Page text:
Could Sacha Feinberg-Mngomezulu feature in Ireland Tests if Springboks opt for 6-2 or 7-1 split?

The Springboks’ Sacha Feinberg-Mngomezulu kicks a 55-metre penalty against Wales on international debut. Picture: Action Foto Sport / NurPhoto via AFP

The Springboks’ Sacha Feinberg-Mngomezulu kicks a 55-metre penalty against Wales on international debut. Picture: Action Foto Sport / NurPhoto via AFP

Published Jun 27, 2024


Sacha Feinberg-Mngomezulu is a confident young man. He doesn’t look like guy who is easily fazed, on the field and off it.

There is no greater example of this than in his Springboks debut against Wales when he asked captain Pieter-Steph du Toit for the ball to attempt an 55-metre penalty kick. The ball sailed through the poles to the delight of the coaching staff, as Feinberg-Mngomezulu announced himself on the international stage.

He showed that same maturity when facing the media in Pretoria on Wednesday after being included in the Springboks squad for the Test series against Ireland and the one-off Test against Portugal. He answered the questions with the same confidence as he did slotting that penalty.

But there was one moment on Tuesday when the Stormers starlet became emotional and took a few seconds to compose himself.

It was when he was asked about his late grandfather, the anti-Apartheid activist Barry Feinberg, who had died in 2023 after a long illness.

“My grandpa was at every rugby game, and he passed on the last year. He would have loved to see it [Springbok debut] ... it’s everything he fought for,” said Feinberg-Mngomezulu after a long pause.

Indeed, his grandfather would be proud of him after moving up the ranks at a rapid pace over the last couple of years because of his immense talent.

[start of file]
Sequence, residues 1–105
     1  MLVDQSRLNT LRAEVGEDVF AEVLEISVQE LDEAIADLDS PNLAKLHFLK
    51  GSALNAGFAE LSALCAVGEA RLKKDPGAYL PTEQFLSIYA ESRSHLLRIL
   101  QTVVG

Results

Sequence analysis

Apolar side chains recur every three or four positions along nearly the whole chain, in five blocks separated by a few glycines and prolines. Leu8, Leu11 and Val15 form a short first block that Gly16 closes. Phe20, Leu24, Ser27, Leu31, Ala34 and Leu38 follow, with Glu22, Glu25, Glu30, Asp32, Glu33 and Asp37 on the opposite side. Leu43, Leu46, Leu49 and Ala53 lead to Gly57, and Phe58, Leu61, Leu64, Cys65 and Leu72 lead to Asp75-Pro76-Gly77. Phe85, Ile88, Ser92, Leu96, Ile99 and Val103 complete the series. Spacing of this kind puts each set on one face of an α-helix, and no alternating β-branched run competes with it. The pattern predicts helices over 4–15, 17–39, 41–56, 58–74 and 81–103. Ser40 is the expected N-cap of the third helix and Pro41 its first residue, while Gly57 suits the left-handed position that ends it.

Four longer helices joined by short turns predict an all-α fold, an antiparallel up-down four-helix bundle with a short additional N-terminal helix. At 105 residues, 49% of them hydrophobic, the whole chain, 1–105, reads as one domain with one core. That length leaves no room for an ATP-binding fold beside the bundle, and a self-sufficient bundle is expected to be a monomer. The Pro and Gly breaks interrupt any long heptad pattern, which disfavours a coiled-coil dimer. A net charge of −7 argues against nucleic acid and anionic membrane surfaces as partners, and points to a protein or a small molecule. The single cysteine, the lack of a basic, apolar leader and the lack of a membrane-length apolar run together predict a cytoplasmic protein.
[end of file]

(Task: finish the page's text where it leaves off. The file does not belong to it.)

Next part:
Feinberg-Mngomezulu is a ball player in every sense of the word, with a wonderful feeling for the game. He sees things on a rugby field that others don’t, and, with his tremendous kicking game, it’s scary to think that he has only just scratched the surface of his undoubted potential.

But the former Bishops star’s feet are firmly planted on the ground, knowing that he needs to learn and work hard if to cement his place in the Springboks side.

“Sponge mentality is me at the moment, I fully understand that I’m the new boy in the system at the moment and I’ve got a lot of work to do and to fix,” Feinberg-Mngomezulu said.

“With the people around me, slowly but surely I’m sure I’ll get that right. Watching Willie [le Roux] kick a ball [at training], watching Handre [Pollard] kick a ball, every sort of repetition you pick up something.

“It’s an environment with a lot of learning and invaluable experience, so I’m trying to soak up as much as possible.”

— Stuart McAvoy (@stuart__mcavoy) June 22, 2024

Feinberg-Mngomezulu could feature for the Springboks against the Irish next week at Loftus Versfeld, especially after the versatile Damian Willemse’s injury.

If the Springboks decide to go with just two backs on the bench in a 6-2 split or 7-1 split, Feinberg-Mngomezulu could get the nod ahead of a Manie Libbok or Handre Pollard — whoever doesn’t start at flyhalf — because he can play flyhalf, centre and fullback.

For now, though, Feinberg-Mngomezulu is just happy to be part of the group and is willing to play anywhere.

“I love just playing rugby, so 10, 12, 15 wherever it may be, I’m happy.

“But a lot of time at high school I spent working on my kicking and personally, I feel it’s come through solidly, so at flyhalf is probably one part I enjoy and trying to dictate the momentum of the game.

“It’s the pressure that you want, where your team looks to you for direction and game management, and that’s something I enjoy.

“But at the same time getting minutes on the park in any position is amazing; like I said I’ve had a few injuries so I’m the last guy to be determined to get to one position. Any time I can get minutes on the field I’ll take it and do what the boss says.”


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